Since 1998, Horse Journal has tracked the Herculean efforts of the American Association of Feed Control Officials AAFCO) to classify nutraceuticals, which were under fire as “illegal” feed ingredients because they didn’t have a generally-recognized-as-safe (GRAS) status or an official AAFCO definition. Some states even made moves to prohibit sales, worrying horseowners who relied on products like glucosamine to keep horses in work.
AAFCO’s task force worked with fervor to classify the ingredients while keeping them on the market, but in the end they disbanded “due to a number of liability issues,” said AAFCO’s John Breitsman. He summed up AAFCO’s current direction as a “move toward an enforcement strategy.” This is consistent with what AAFCO really is: an association of feed-control officials.
Since AAFCO isn’t a regulatory body, it can’t make laws. AAFCO’s attempt to establish a conditional status for some ingredients, allowing sales to continue while they developed GRAS status/AAFCO definition, could have been viewed as an unofficial sanction, which is essentially illegal. Only the FDA can accept safety and efficacy data. Until then, the ingredient is, by definition, unapproved.
Manufacturers have always had the option of following established pathways for getting their ingredients accepted by the FDA. However, there’s still the dilemma of which pathway to take: approval as a drug or a nutrient supplement. A drug is defined as any substance claimed to “cure, treat, prevent or mitigate a disease condition or makes structure or function claims.” But getting approval as a drug is expensive and difficult, and brings with it additional regulations.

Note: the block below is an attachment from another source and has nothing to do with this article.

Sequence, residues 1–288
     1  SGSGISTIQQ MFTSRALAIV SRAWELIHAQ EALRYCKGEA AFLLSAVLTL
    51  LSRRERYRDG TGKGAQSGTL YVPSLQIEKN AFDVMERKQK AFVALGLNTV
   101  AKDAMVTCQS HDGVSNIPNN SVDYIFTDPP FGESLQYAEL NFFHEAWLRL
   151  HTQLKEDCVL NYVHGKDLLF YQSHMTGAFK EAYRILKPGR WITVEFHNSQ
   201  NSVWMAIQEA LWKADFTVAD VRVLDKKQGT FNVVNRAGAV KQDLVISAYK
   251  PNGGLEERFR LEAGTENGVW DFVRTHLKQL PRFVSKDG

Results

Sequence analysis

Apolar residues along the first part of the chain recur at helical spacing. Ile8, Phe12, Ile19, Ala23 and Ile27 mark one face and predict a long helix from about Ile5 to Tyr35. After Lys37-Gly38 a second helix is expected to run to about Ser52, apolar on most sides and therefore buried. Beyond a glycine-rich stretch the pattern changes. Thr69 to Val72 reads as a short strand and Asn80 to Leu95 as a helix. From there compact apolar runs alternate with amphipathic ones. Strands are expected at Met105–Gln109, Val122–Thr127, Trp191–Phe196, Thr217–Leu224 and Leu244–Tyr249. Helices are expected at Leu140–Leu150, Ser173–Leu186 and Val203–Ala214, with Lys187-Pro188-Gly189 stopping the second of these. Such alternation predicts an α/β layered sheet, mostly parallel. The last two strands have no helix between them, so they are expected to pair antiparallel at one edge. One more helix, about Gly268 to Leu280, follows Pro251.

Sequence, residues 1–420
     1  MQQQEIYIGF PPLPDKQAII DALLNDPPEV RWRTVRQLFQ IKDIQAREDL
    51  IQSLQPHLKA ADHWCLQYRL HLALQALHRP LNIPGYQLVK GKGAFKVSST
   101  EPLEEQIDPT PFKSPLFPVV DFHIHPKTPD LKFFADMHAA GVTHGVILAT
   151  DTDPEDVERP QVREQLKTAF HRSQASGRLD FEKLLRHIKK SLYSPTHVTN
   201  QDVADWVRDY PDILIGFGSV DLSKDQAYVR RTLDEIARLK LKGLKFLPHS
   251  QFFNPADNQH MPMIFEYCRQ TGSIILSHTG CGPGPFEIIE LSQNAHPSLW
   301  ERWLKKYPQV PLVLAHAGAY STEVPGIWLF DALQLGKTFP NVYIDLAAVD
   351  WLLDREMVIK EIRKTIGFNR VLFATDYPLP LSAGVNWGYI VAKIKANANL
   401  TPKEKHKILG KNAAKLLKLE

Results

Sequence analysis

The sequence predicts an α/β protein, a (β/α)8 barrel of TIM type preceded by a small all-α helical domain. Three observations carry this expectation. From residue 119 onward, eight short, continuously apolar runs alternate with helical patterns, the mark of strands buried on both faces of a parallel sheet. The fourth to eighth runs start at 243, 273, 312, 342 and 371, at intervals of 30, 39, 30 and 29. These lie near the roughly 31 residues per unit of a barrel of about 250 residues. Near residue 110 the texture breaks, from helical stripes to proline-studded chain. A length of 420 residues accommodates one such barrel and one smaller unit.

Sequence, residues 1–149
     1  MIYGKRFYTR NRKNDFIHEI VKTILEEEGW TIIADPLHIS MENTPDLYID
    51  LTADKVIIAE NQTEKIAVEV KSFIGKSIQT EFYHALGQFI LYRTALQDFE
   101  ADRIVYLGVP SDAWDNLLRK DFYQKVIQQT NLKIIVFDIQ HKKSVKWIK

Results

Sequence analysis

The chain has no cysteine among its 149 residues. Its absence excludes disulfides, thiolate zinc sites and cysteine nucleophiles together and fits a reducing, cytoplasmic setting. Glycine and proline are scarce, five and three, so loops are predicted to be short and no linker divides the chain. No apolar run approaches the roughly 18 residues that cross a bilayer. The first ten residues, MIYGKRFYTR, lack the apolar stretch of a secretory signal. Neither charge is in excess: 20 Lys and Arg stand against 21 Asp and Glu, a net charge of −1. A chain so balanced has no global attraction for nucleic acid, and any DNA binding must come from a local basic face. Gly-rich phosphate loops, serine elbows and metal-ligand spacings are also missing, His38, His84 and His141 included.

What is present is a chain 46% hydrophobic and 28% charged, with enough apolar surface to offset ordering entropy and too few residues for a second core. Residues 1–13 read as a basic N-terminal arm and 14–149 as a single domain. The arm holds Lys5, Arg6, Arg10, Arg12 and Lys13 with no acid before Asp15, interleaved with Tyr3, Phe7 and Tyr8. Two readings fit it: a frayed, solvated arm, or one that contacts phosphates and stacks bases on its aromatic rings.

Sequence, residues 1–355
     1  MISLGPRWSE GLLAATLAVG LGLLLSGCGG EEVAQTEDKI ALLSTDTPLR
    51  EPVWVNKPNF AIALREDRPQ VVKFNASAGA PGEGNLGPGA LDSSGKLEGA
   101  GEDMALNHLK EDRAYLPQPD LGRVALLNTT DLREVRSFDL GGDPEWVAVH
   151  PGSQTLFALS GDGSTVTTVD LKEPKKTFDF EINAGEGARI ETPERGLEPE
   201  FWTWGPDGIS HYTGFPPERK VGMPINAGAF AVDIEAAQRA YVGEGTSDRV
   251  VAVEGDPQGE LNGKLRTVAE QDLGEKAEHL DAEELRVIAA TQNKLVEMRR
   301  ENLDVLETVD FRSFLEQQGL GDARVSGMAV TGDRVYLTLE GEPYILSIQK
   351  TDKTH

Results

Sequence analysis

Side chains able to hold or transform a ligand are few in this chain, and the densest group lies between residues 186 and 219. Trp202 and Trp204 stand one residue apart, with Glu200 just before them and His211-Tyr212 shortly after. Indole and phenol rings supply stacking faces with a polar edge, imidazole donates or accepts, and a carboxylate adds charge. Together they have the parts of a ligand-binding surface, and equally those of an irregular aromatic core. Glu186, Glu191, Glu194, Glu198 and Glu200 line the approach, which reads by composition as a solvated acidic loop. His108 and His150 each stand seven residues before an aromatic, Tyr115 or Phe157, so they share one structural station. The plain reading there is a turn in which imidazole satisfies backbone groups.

On the other hand, getting an ingredient approved as a nutrient supplement is no easy task either. The ingredient must be shown to be an essential part of the diet and prove it is safe in the amounts proposed. Frankly, many nutraceuticals don’t fit either category very well.
We’re back at square one, but it’s not AAFCO’s fault. The FDA’s policy regarding these supplements has a gaping hole. It can be filled either by precise new guidelines or the adoption of the provisions of the human Dietary Supplements Health and Education Act (DSHEA).
Where does this leave the future availability of your favorite supplements' Right where it has always been — between the crosshairs.
’Til Next Month,
-Eleanor Kellon, VMD